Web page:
More than one billion reasons to vote Yes for a Voice
The Daily Telegraph, 31 July 2023
Ancient Egypt, Greece and Rome are pretty old civilisations, but they don’t have a patch on Australia’s First Peoples. By the time those civilisations were getting started, Indigenous people had been on this continent for tens of thousands of years.
Indigenous people refer to “everywhen” to describe the connections between past, present and future. And indeed, it’s hard to get your head around the concept of a people who have been here for more than 60 millennia.
What does 60,000 years mean? If every generation lasts 30 years, this means that two thousand generations of Indigenous people have dwelt on this continent.
Another way to think about this is to imagine how many Indigenous people have ever lived in Australia. Demographer Len Smith estimated that more than one billion Indigenous people walked these lands prior to European settlement.
Curious to see how this compared with the number of non-Indigenous people who have ever lived in Australia, I calculated that number at around 40 million.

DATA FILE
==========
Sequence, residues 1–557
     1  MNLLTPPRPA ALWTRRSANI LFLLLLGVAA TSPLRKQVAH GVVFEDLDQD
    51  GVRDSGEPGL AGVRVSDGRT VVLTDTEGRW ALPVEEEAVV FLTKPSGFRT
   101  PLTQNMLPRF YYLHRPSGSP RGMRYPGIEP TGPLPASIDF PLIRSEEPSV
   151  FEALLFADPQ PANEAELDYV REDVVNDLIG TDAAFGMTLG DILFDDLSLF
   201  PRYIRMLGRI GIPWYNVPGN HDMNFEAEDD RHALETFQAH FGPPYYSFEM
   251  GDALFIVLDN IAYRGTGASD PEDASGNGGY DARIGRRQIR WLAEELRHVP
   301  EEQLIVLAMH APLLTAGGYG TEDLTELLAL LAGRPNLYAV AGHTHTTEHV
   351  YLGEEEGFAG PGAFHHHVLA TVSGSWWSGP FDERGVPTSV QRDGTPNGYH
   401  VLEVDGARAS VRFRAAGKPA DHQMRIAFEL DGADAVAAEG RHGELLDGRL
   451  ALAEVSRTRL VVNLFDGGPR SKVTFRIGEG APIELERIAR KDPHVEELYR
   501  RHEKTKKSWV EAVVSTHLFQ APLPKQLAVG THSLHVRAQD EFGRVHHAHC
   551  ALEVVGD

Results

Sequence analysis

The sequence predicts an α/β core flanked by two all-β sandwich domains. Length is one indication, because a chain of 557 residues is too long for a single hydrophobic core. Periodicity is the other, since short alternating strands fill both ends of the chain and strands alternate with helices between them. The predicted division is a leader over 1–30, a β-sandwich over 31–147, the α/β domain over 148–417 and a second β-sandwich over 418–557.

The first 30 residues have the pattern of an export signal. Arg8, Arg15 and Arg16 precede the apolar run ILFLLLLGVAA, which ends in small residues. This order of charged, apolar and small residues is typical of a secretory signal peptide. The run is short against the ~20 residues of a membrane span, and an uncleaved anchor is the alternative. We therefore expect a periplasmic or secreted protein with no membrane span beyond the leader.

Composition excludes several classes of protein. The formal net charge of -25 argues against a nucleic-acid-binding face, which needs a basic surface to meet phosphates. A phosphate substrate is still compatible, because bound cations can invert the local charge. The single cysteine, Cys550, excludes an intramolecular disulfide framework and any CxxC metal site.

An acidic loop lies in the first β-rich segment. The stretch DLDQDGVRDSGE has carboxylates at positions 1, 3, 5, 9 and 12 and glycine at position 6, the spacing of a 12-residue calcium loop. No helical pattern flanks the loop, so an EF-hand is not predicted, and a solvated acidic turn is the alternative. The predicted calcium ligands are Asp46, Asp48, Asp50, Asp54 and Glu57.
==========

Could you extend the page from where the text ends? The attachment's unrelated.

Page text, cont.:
So what if we gave equal moral weight to our ancestors? What if we could imagine that alongside us stood the ghosts of those who once trod this continent?
In that world, there would be 25 Indigenous people for every non-Indigenous person.
English philosopher GK Chesterton wrote that: “Tradition means giving a vote to the most obscure of all classes, our ancestors. It is the democracy of the dead.”
The force of tradition has inspired conservatives for centuries. It is why conservatives often resist change – pointing out that our laws and customs reflect the accumulated wisdom of past generations. A love of tradition makes many conservatives vote ‘no’ to change.
In this case, the force of tradition should push us in the opposite direction. In the most recent Census, Indigenous Australians made up just one in 33 people. But over the broad sweep of history, Indigenous Australians comprise 25 out of every 26 people who have ever walked these lands.
An Indigenous Voice to Parliament is about two things: recognising the enormity of First Nations history, and listening to those who are affected by the decisions of parliament. Much has been written about listening, but recognition matters too. As you enter the voting booth later this year, take a moment to think about the remarkable history of Indigenous Australians on these lands. For those of us who are not Indigenous, it is a true privilege to share the continent with the oldest continuously living culture in the world. Traditionalists should vote yes.
Our constitution should acknowledge a billion people, spread across more than two thousand generations. Their moral weight provides a billion reasons to vote yes – so we can walk forward, together.